Promoting Exploratory Teaching in Mathematics: A Design Experiment on a CPD course for Teachers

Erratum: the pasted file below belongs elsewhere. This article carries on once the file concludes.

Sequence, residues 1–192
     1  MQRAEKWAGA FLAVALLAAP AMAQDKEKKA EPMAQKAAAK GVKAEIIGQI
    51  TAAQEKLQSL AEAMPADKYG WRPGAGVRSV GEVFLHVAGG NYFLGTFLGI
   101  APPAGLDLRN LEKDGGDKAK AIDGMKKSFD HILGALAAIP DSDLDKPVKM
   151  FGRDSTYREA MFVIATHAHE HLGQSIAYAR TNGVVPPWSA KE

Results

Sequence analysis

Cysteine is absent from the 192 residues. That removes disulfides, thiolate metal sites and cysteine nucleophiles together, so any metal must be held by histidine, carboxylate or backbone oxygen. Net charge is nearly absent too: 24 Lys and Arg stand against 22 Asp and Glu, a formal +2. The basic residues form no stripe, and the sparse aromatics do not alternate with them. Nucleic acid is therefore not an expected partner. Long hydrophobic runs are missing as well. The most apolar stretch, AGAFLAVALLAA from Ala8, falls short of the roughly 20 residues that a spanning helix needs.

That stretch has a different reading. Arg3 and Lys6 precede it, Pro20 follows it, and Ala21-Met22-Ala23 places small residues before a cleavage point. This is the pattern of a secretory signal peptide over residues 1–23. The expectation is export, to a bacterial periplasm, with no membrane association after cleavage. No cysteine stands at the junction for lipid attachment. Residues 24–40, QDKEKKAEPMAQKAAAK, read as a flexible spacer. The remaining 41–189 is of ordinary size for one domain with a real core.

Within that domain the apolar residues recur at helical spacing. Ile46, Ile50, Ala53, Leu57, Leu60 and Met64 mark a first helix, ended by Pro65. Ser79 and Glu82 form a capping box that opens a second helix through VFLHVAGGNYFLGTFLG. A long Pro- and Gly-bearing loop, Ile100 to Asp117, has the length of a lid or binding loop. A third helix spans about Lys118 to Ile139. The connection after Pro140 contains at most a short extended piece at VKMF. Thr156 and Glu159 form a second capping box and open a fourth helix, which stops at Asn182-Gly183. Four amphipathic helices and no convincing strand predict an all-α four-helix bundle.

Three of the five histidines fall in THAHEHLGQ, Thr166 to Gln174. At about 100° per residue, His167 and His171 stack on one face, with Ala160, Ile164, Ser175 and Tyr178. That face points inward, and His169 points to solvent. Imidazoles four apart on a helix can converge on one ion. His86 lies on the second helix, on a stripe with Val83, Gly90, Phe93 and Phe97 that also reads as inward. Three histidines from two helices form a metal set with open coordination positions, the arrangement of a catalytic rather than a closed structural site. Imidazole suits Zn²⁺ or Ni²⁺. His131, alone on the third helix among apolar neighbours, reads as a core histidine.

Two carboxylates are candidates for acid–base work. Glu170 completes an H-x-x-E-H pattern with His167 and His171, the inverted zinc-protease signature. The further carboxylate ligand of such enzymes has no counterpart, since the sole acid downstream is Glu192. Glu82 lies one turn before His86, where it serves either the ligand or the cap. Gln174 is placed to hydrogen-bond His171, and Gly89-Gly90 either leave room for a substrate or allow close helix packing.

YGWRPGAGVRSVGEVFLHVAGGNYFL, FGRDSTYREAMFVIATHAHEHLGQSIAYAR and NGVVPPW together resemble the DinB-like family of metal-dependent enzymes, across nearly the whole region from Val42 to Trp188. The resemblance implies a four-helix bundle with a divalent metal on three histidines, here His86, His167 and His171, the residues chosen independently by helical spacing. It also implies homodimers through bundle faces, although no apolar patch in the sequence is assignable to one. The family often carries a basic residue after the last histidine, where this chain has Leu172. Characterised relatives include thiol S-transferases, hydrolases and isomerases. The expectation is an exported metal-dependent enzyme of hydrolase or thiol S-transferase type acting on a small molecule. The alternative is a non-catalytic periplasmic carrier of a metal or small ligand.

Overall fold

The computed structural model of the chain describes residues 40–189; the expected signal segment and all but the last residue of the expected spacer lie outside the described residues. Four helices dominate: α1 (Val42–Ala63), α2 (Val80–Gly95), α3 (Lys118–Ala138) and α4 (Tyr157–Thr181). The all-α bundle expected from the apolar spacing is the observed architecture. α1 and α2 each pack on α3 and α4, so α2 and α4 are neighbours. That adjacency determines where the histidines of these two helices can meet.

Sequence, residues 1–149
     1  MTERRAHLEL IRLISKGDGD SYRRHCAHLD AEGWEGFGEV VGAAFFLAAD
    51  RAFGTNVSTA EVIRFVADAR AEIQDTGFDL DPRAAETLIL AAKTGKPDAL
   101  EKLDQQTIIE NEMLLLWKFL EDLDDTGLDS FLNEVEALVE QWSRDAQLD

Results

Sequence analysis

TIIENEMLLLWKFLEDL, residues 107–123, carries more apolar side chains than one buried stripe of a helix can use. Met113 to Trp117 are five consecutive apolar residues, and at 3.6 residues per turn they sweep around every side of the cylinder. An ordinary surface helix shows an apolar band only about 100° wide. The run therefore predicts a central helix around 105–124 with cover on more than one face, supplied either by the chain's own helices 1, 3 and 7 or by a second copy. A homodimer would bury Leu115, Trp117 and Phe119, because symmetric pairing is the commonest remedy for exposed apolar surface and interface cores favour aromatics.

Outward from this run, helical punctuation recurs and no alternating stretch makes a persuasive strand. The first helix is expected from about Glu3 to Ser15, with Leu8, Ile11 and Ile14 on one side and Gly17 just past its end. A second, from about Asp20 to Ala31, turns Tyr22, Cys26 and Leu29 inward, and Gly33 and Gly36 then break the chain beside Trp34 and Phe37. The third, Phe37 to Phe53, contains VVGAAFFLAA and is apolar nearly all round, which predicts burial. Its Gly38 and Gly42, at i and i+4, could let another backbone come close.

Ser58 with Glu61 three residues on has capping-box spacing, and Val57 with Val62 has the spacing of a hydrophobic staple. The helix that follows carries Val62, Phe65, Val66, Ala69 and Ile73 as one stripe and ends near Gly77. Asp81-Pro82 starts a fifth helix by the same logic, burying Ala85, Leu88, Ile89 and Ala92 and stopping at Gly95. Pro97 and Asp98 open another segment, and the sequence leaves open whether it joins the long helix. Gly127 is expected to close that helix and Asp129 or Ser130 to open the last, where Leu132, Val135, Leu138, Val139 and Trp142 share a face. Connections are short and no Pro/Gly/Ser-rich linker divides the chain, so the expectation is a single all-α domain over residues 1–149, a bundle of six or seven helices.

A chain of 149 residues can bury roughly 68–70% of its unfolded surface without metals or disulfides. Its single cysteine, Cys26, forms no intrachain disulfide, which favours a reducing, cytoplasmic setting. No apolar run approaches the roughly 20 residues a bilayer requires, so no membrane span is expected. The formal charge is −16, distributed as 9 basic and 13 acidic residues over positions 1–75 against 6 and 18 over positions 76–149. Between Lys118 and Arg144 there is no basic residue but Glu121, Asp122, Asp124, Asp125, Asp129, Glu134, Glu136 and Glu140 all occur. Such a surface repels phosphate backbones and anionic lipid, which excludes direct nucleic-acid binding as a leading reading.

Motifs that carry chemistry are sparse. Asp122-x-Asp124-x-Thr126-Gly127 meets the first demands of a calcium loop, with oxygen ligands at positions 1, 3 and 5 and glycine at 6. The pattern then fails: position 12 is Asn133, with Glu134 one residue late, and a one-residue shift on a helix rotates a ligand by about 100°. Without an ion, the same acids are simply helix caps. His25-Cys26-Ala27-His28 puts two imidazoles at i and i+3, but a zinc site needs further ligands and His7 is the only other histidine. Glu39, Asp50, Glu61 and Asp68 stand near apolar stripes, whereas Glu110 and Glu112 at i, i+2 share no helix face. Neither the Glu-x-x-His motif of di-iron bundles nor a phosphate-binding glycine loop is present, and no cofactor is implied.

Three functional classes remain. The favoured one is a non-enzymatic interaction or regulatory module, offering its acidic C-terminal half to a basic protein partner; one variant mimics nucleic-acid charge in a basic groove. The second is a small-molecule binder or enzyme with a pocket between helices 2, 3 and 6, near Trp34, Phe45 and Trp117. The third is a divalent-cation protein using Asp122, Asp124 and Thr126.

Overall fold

In this paper we present a design experiment on a continued professional development (CPD) course for mathematics teachers. It consisted of three teaching cycles. Between them we analyzed the collected data in order to discover the factors affecting the course’s effectiveness and improve the next implementation. The general themes of the course, Introduction to Exploratory Learning in Mathematics, are teaching methods that promote active learning and exploratory learning environments. The course consists of one-day, on-site training and is aimed at elementary, middle and high school mathematics teachers. It is the first part of a larger CPD unit. We were especially motivated by the recent study of Stylianides & Stylianides (The Journal of Mathematical Behavior, 33 (1), 8–29) who proposed that even a very short intervention can impact positively on mathematical problem solving (attitudes) in initial elementary teacher training. Our main research question is thus to replicate and expand on their study: Can we impact positively on in-service teachers’ mathematical thinking over the course of a one-day seminar? In this article we describe the goals and implementation of our one-day course, some observations made during the implementations and conclusions. We replicate the findings of Stylianides and Stylianides (2014) that their “blond hair problem” makes a great impression on the participants. However, we found that the intervention did not have a substantial effect, at least in the short term, on what were considered good problems to use in an exploratory setting.